As a nod to Hawaiian poke of the past…here, buttery marcona almonds stand in for local candlenuts, and dashi seaweed broth brings the essence of the sea. Ginger, scallions, soy sauce, and yuzu juice lend background complexity and Japanese touches, while cucumber adds a cool fresh crunch. But this recipe keeps true to its old-style Hawaiian roots – simple, delicious, and uncomplicated – high quality fish with no spicy mayonnaise or syrupy sauces squirted on top.

Chef Sam Choy is a four-time nominee for the James Beard Best Pacific Regional chef award, winning in 2004. He is often credited as the “Godfather of Poke” and the Culinary Ambassador of the Big Island. Read my interview with him about poke and sustainability here.

Salmon Cucumber Poke Bowl Recipe

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Salmon Crudo, Blackberry Ponzu

Salmon Crudo, Blackberry Ponzu

Salmon Crudo, Blackberry Ponzu

You might have noticed that we are making our fair share of raw salmon dishes here. In my search for an interesting pairing with salmon, I came across quite a few sites from the Pacific Northwest where local salmon was paired with local blackberries.

Usually referring to a wine and food pairing, the saying goes “what grows together goes together.” Roughly speaking, the idea is that local wine and local foods complement each other. Seems to work very well for this land & sea pairing as well.

Ponzu sauce (ponzu shoyu) is a Japanese condiment commonly made with citrus, soy sauce, mirin, and dashi. Here, blackberries add a tart fruitiness and a striking color purple.

The sushi-quality raw salmon slices are steeped in blackberry ponzu for just 5 to 10 minutes to infuse the flavors. Crunchy cucumber, peppery radish, spicy jalapeño, and buttery-nutty pine nuts add pizzazz to this appealing crudo dish. Togarashi, a Japanese spicy seasoning made with ground nori, sea salt, various chili powders, orange peel, and sesame seeds adds complexity and the finishing touch.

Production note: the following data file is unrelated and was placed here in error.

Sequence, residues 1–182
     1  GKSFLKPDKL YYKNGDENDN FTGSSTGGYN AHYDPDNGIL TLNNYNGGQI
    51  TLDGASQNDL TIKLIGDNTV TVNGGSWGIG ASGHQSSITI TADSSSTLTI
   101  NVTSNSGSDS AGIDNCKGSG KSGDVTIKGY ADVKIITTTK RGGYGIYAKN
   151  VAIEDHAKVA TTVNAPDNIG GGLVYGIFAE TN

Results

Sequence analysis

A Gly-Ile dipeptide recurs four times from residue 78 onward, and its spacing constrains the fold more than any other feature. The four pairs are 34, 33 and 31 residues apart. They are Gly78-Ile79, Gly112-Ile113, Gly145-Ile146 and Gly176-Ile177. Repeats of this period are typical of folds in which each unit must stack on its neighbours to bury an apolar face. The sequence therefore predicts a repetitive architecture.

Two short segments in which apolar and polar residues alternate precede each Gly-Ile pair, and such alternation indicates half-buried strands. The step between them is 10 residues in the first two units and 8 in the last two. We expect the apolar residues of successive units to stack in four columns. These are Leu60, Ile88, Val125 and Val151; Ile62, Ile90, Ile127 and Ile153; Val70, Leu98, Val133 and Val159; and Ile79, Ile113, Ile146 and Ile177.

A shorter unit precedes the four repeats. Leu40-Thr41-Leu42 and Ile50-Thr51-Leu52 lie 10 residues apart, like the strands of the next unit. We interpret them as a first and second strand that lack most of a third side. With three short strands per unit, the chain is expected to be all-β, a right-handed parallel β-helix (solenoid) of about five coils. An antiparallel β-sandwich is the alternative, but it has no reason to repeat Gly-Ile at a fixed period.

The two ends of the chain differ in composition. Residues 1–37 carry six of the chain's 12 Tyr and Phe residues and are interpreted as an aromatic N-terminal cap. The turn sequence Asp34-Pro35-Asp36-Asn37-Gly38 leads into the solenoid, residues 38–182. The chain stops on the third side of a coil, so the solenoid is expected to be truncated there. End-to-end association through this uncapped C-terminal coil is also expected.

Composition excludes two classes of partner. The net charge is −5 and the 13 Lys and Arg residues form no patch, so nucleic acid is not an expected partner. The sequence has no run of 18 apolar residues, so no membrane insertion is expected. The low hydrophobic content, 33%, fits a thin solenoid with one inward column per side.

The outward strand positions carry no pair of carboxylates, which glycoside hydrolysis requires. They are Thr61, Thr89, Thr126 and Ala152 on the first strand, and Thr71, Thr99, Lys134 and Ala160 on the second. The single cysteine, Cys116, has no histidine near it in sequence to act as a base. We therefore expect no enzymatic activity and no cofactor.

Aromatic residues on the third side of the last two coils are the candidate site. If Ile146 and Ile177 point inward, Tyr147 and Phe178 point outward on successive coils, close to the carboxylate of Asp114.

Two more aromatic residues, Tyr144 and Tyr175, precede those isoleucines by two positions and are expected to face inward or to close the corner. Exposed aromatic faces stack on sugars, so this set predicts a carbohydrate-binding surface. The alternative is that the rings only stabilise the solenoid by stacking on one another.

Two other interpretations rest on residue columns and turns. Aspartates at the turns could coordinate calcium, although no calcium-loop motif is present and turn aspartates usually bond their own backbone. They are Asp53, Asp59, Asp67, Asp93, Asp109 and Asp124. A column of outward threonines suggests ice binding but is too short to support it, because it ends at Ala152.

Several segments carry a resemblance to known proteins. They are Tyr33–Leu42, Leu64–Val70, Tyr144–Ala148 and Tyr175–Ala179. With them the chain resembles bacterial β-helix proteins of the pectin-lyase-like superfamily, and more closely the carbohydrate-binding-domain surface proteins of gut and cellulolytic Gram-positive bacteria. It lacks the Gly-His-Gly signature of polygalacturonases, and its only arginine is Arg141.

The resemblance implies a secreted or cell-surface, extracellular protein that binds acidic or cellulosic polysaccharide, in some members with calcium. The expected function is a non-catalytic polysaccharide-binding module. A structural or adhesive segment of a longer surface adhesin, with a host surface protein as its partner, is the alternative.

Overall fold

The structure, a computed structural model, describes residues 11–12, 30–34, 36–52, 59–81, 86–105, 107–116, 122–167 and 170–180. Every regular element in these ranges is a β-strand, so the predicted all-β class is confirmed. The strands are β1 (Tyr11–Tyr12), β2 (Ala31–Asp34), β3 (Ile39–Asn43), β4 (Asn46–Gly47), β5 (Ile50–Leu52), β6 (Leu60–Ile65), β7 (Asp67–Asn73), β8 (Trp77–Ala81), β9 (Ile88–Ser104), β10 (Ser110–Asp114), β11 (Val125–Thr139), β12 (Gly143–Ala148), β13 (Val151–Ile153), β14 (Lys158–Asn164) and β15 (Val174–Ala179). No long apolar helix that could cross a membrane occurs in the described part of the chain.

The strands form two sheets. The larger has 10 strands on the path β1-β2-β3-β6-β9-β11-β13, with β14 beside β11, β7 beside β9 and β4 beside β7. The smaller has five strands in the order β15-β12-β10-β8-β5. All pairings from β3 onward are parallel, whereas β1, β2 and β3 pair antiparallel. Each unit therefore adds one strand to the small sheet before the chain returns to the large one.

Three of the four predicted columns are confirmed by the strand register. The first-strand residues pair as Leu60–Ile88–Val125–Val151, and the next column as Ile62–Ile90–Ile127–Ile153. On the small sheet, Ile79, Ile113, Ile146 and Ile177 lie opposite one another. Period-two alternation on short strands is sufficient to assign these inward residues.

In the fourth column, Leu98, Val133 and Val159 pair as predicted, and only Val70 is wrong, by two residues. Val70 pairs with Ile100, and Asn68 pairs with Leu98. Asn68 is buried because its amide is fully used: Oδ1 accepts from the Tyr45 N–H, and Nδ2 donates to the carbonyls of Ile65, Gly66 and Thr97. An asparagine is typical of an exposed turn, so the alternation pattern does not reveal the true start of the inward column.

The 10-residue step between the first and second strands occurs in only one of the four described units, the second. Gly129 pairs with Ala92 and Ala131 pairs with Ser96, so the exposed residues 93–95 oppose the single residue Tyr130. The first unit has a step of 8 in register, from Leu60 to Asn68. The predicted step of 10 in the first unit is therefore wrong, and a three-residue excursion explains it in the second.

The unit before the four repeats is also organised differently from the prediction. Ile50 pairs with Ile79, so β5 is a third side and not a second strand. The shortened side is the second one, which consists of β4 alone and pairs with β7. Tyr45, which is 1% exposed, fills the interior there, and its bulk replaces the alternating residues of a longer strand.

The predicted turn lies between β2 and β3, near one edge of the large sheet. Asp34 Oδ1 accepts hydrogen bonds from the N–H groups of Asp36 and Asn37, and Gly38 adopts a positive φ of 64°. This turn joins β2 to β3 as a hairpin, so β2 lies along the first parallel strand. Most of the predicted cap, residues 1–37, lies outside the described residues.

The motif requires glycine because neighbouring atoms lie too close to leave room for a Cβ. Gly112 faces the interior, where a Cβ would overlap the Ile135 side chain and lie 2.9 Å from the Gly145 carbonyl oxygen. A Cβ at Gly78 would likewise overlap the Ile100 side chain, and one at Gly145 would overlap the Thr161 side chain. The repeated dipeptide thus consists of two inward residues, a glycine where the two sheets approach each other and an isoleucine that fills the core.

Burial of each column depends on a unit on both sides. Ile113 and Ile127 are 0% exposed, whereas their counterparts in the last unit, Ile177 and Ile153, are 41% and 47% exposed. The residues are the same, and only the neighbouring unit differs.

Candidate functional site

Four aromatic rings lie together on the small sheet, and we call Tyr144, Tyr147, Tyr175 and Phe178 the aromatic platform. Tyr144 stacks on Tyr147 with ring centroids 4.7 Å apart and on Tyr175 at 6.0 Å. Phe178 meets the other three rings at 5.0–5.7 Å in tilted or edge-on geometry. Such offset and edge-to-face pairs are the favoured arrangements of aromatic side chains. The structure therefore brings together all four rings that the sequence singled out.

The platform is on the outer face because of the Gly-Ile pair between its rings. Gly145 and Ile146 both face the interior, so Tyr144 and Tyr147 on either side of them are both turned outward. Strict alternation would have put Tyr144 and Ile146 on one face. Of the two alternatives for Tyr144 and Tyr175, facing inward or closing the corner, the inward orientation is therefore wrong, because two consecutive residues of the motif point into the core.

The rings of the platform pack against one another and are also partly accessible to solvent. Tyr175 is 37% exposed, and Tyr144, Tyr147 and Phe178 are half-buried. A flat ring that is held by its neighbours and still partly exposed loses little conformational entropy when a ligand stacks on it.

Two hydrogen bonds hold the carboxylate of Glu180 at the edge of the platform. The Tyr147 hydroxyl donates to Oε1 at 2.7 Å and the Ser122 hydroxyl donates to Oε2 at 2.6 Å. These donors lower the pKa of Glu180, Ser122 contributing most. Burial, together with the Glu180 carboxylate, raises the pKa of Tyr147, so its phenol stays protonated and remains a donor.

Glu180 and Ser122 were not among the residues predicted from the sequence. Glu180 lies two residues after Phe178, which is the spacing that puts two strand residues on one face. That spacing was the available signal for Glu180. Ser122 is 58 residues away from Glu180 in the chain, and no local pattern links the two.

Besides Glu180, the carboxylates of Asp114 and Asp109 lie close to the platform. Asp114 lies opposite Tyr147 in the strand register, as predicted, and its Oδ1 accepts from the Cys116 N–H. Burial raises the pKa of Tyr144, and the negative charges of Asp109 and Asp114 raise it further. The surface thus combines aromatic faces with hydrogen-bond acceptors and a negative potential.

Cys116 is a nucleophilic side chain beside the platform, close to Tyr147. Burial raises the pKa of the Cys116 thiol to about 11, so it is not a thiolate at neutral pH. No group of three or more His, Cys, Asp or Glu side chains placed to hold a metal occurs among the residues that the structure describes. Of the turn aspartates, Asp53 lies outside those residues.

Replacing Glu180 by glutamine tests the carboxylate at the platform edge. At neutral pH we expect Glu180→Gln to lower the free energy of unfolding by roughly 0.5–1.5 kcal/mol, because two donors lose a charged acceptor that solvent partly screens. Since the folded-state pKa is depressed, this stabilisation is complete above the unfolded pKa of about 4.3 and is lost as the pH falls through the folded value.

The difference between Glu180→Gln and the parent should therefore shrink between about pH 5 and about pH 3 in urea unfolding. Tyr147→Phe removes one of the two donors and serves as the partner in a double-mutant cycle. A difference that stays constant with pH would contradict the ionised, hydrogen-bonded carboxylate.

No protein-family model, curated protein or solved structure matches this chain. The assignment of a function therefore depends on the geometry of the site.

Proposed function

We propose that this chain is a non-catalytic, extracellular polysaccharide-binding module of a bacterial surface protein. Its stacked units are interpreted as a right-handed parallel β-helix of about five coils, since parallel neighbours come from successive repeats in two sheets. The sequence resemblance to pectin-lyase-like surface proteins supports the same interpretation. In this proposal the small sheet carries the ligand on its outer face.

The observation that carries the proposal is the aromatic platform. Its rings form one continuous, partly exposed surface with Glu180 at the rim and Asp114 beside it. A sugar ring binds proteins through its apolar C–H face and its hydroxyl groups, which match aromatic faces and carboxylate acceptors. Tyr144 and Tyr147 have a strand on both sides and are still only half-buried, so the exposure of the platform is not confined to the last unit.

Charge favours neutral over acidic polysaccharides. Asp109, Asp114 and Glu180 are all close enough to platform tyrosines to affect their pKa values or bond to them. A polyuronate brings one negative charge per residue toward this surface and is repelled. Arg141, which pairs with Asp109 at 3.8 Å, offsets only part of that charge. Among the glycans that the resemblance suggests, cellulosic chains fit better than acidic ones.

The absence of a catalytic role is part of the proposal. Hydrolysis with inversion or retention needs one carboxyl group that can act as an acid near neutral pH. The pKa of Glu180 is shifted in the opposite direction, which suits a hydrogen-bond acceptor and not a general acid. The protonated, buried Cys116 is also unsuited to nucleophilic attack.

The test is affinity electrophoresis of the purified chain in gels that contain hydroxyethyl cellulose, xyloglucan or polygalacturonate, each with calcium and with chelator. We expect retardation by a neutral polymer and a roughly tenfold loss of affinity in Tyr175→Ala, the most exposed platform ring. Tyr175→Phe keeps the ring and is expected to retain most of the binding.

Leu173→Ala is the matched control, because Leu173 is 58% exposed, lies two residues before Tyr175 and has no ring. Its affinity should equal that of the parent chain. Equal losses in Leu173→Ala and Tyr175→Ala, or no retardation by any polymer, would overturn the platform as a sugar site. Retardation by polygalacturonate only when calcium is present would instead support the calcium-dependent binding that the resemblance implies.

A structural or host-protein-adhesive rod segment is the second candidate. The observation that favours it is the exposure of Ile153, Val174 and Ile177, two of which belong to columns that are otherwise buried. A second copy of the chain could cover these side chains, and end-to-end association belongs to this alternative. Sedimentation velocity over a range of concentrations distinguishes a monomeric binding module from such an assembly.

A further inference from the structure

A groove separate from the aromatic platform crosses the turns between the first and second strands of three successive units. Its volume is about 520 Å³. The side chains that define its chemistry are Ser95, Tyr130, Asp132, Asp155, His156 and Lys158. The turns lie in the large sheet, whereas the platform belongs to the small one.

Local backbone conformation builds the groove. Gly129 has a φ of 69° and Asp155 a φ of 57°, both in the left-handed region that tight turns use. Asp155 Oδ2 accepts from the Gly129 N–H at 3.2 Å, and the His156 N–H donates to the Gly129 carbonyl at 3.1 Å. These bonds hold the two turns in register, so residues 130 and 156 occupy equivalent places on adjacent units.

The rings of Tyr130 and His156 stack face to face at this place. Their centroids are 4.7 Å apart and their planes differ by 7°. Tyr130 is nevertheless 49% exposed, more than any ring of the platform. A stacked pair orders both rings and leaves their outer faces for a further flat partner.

Salmon Crudo, Blackberry Ponzu Recipe

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Saumon Cru, Beurre Blanc Grenade

Saumon Cru, Beurre Blanc Grenade
Saumon Cru, Beurre Blanc Grenade
🌸 🌸 🌸
Raw Salmon, Pomegranate White Wine Butter Sauce

The inspiration for this easy, elegant dish comes from a charming bistro in Paris that serves pan-fried trout with a pomegranate white wine butter sauce.

Here, the star of the show is pristine raw sockeye salmon that is bathed in the warm sauce. The result is a mind-blowing silky-rich dish where pomegranate arils add fruitiness, crunchy texture, and pops of color.

We often serve raw salmon drizzled with olive oil and some citrus, adding richness and brightness. In this French version, imagine how butter is substituted for olive oil and where white wine and vinegar add the tangy bright notes. Shallot adds complexity, while butter sauce paired with bold sockeye brings a luxurious mouthfeel.

Crudo or raw salmon is typically served cold, but here, to add another interesting dimension, the butter sauce gives warm kisses to the raw salmon. It is unusual, and unusually fabulous.

Recette de Saumon Cru